The District of Columbia Public Service Commission (PSC)
has allowed Potomac Electric Power Co. rate recovery of costs associated with the development of electric vehicles for fleet use under...
Aside from scalability problems, though, there are serious intellectual property hurdles to commercializing these nascent technologies, Bickle says. "In all three cases, the intellectual property has been totally messed up," he says. Basically, it is not clear who owns the intellectual property rights to the inventions, due to conditions in some of the research grants from the Department of Energy, or sale of some rights in order to get another grant to build a prototype, according to Bickle. "So, as an investor, what do you buy as an investment? You'd like to be buying patents that nobody else can use. But it's not clear that's the case here. So that's a big barrier to entry," he says.
Perhaps the biggest barrier to entry is the current regulatory uncertainty. As Alix testified before Congress, "[u]ntil you require emission reductions, there will never be a commercially available control technology" for pollutants like mercury.
Industry, naturally, worries about the cost of as-yet untested or undeveloped technologies. Alix tried to allay some of those fears when he told Congress that "[t]he cost of achieving environmental compliance is usually significantly less than estimated at the time regulations are developed."
Silva also makes the point that once faced with an immovable regulatory deadline, "the industry actually has a decent record of complying and bringing pollution control technologies online, without significant disruptions to reliability." Bickle maintains that "[r]ight now, the huge impediments to implementing new technology are all political, they're not capital and they're not technology." He estimates that absent regulatory hurdles, the technologies found by his firm could be fully implemented within 18 months.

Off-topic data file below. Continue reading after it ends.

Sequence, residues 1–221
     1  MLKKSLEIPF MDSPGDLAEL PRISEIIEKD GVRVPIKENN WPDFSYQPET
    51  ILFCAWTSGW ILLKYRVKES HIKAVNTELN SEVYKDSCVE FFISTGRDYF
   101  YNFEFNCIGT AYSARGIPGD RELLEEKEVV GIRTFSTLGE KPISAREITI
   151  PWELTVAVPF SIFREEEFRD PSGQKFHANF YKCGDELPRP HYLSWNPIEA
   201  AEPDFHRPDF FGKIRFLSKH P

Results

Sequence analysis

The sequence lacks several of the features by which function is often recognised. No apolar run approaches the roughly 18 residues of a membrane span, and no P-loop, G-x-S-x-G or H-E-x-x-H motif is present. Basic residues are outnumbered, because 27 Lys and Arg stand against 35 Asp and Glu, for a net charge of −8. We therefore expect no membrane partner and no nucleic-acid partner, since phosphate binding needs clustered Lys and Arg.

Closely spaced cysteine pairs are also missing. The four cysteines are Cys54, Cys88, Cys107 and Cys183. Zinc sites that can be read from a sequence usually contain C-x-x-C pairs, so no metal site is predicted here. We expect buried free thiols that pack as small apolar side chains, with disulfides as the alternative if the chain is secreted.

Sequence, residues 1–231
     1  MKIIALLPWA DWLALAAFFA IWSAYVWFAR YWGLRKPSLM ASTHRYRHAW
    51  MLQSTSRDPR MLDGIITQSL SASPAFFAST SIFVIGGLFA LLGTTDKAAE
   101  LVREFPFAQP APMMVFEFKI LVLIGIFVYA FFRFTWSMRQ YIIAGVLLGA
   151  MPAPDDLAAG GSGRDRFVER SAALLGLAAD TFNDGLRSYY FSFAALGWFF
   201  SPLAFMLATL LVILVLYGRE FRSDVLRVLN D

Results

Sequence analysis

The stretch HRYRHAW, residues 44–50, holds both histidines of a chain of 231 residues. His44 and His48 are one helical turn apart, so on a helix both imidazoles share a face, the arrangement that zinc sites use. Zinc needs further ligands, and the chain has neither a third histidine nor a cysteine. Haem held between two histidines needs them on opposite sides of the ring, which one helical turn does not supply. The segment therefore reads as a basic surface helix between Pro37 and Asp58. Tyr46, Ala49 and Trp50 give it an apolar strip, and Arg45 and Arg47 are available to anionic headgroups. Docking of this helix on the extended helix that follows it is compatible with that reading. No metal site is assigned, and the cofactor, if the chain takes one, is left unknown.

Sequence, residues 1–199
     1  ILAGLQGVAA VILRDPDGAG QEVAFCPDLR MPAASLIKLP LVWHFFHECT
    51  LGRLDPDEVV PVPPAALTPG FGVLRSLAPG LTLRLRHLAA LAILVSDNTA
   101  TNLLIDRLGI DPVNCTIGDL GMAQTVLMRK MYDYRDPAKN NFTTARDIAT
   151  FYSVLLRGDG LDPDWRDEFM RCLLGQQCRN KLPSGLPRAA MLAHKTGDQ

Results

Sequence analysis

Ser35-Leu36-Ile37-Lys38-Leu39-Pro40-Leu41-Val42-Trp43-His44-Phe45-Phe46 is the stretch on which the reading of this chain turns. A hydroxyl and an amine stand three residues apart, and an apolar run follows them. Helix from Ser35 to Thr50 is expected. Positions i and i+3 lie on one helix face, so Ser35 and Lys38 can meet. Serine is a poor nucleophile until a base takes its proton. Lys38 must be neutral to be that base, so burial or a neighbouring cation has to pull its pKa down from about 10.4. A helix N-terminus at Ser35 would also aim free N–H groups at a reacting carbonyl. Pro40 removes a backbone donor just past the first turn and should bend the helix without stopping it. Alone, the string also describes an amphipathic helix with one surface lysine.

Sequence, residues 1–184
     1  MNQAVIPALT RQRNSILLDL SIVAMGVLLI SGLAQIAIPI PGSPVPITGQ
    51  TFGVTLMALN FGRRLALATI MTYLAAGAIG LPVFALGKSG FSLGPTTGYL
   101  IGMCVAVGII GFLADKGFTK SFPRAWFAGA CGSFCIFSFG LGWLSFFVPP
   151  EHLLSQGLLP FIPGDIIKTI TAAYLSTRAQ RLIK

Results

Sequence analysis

As Bickle points out, coal-fired plants still make up the majority of generation assets in this country. He says, "we need to quit doing stupid things, we need to quit fighting each other, and figure out a way for the greens and the technologists to come together. We're not talking about making Napalm here, we're talking about making clean air. We need to find a way to come together and use good science to achieve the goal for less pollution."
Bickle, though, is not convinced that the Bush administration can get its plan passed. "Politically, Bush can't get a free market cap-and-trade-Clinton could have done that but Bush can't. So I think we're going to stick to command-and-control for a while, instead of cap-and-trade." Duke Energy's Mitchell is somewhat more optimistic. "There has been a lot of interest in this type of reform," he says, pointing to multi-pollutant proposals from Sens. Bob Smith, James Jeffords, and Congressman Henry Waxman. But in an election year, "I think it will be difficult to pass legislation this year. I think it's more likely in later years."
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